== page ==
22. A.7.22. SQUARE
      23. A.7.23. TAN
    8. A.8. Basic Metadata Functions
      1. A.8.1. COL_LENGTH
      2. A.8.2. COL_NAME
      3. A.8.3. COLUMNPROPERTY
      4. A.8.4. DATABASEPROPERTY
      5. A.8.5. DATABASEPROPERTYEX
      6. A.8.6. DB_ID
      7. A.8.7. DB_NAME
      8. A.8.8. FILE_ID
      9. A.8.9. FILE_NAME
      10. A.8.10. FILEGROUP_ID
      11. A.8.11. FILEGROUP_NAME
      12. A.8.12. FILEGROUPPROPERTY
      13. A.8.13. FILEPROPERTY
      14. A.8.14. FULLTEXTCATALOGPROPERTY
      15. A.8.15. FULLTEXTSERVICEPROPERTY
      16. A.8.16. INDEX_COL
      17. A.8.17. INDEXKEY_PROPERTY
      18. A.8.18. INDEXPROPERTY
      19. A.8.19. OBJECT_ID
      20. A.8.20. OBJECT_NAME
      21. A.8.21. OBJECTPROPERTY
      22. A.8.22. OBJECTPROPERTYEX
      23. A.8.23. @@PROCID
      24. A.8.24. SCHEMA_ID
      25. A.8.25. SCHEMA_NAME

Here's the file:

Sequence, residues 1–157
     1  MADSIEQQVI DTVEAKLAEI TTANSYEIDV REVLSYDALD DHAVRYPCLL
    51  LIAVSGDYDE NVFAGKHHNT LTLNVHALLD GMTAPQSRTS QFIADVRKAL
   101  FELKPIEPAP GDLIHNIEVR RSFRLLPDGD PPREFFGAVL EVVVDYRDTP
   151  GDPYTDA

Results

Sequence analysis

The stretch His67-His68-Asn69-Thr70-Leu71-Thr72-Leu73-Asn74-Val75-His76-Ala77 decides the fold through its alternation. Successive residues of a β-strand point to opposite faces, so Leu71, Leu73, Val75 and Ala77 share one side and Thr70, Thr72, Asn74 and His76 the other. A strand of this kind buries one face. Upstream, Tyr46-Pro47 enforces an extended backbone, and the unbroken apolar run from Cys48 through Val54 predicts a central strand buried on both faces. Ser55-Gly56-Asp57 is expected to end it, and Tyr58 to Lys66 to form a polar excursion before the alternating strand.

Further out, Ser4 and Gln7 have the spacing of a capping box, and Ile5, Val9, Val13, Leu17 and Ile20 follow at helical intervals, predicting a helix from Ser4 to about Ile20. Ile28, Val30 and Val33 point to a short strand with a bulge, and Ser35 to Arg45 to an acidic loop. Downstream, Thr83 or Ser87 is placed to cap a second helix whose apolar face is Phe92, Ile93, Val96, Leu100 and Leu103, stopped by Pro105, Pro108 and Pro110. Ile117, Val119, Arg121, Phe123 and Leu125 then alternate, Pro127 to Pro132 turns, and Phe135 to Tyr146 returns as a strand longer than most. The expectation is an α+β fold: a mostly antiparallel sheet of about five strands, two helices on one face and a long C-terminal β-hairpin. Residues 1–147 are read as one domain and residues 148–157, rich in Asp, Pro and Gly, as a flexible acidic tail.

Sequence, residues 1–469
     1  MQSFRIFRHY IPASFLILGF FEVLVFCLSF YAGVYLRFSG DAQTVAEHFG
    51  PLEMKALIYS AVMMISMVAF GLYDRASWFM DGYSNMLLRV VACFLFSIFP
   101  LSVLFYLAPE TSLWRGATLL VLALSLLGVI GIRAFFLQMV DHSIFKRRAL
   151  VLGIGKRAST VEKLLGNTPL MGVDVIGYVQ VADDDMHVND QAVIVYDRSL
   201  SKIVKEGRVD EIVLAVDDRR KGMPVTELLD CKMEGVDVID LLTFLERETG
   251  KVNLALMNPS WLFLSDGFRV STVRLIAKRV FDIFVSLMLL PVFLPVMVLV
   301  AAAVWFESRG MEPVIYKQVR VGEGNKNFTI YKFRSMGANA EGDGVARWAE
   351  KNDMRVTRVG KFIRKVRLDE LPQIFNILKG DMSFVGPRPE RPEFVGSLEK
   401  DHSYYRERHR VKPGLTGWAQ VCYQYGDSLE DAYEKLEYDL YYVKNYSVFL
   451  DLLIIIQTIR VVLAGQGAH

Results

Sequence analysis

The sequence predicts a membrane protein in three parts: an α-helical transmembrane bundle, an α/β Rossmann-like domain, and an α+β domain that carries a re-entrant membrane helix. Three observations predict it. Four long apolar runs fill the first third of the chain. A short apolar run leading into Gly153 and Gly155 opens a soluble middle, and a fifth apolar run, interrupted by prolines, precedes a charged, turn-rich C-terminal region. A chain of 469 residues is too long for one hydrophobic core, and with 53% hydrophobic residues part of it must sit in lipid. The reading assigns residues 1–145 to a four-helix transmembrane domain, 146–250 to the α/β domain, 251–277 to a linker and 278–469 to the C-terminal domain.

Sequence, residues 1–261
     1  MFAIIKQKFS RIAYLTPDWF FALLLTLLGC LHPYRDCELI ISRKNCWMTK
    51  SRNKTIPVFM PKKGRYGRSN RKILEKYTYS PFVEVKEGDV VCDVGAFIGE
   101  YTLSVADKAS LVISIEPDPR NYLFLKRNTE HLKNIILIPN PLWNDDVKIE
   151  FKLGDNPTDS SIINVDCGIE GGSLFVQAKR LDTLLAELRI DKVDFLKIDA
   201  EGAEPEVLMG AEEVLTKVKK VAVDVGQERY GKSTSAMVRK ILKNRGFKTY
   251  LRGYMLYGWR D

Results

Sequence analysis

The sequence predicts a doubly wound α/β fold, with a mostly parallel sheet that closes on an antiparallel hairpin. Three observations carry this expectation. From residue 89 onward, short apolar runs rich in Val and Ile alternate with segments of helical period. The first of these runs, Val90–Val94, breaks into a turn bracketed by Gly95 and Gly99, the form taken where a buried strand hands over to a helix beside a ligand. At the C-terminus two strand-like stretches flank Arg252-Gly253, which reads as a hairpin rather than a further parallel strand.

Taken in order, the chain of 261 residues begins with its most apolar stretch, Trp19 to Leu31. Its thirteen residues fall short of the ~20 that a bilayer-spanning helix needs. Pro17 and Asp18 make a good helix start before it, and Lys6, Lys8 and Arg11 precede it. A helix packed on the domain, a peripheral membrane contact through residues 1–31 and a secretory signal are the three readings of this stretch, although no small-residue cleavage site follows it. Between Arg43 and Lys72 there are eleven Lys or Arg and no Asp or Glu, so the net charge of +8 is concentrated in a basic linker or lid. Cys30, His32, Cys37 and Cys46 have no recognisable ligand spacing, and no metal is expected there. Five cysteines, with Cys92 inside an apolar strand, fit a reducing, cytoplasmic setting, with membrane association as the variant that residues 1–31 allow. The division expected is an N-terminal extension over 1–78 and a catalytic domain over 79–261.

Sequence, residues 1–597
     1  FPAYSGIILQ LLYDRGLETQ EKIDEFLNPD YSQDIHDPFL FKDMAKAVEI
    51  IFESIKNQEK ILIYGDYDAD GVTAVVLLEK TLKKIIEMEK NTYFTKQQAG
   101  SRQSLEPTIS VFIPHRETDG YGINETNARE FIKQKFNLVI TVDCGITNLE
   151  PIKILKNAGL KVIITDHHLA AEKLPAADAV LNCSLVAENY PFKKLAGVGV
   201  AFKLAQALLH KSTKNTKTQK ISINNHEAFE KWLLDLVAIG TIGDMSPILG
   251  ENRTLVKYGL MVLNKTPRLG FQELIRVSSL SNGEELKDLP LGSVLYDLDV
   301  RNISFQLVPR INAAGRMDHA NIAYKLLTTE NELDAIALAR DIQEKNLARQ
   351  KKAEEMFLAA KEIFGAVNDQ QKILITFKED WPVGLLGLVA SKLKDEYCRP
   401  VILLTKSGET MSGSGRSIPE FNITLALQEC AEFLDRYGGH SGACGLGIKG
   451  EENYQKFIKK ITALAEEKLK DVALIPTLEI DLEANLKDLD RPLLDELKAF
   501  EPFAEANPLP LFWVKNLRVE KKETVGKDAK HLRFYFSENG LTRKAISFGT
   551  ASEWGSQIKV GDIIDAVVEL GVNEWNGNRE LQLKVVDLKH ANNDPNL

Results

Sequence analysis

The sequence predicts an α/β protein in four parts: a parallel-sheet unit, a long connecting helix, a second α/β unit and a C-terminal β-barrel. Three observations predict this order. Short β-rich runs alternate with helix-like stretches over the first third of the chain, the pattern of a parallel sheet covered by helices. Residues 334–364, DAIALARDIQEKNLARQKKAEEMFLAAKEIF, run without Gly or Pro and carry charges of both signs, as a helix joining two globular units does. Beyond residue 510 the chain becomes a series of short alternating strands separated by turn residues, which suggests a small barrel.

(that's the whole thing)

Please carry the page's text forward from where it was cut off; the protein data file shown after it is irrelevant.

26. A.8.26. SQL_VARIANT_PROPERTY
      27. A.8.27. TYPEPROPERTY
    9. A.9. Rowset Functions
      1. A.9.1. CHANGETABLE
      2. A.9.2. CONTAINSTABLE
      3. A.9.3. FREETEXTTABLE
      4. A.9.4. OPENDATASOURCE
      5. A.9.5. OPENQUERY
      6. A.9.6. OPENROWSET
      7. A.9.7. OPENXML
    10. A.10. Security Functions
      1. A.10.1. HAS_DBACCESS
      2. A.10.2. IS_MEMBER
      3. A.10.3. IS_SRVROLEMEMBER
      4. A.10.4. SUSER_ID
      5. A.10.5. SUSER_NAME
      6. A.10.6. SUSER_SID
      7. A.10.7. SUSER_SNAME
      8. A.10.8. USER
      9. A.10.9. USER_ID
      10. A.10.10. USER_NAME
    11. A.11. String Functions
      1. A.11.1. ASCII
      2. A.11.2. CHAR
      3. A.11.3. CHARINDEX
      4. A.11.4. DIFFERENCE
      5. A.11.5. LEFT
      6. A.11.6. LEN
      7. A.11.7. LOWER
      8. A.11.8. LTRIM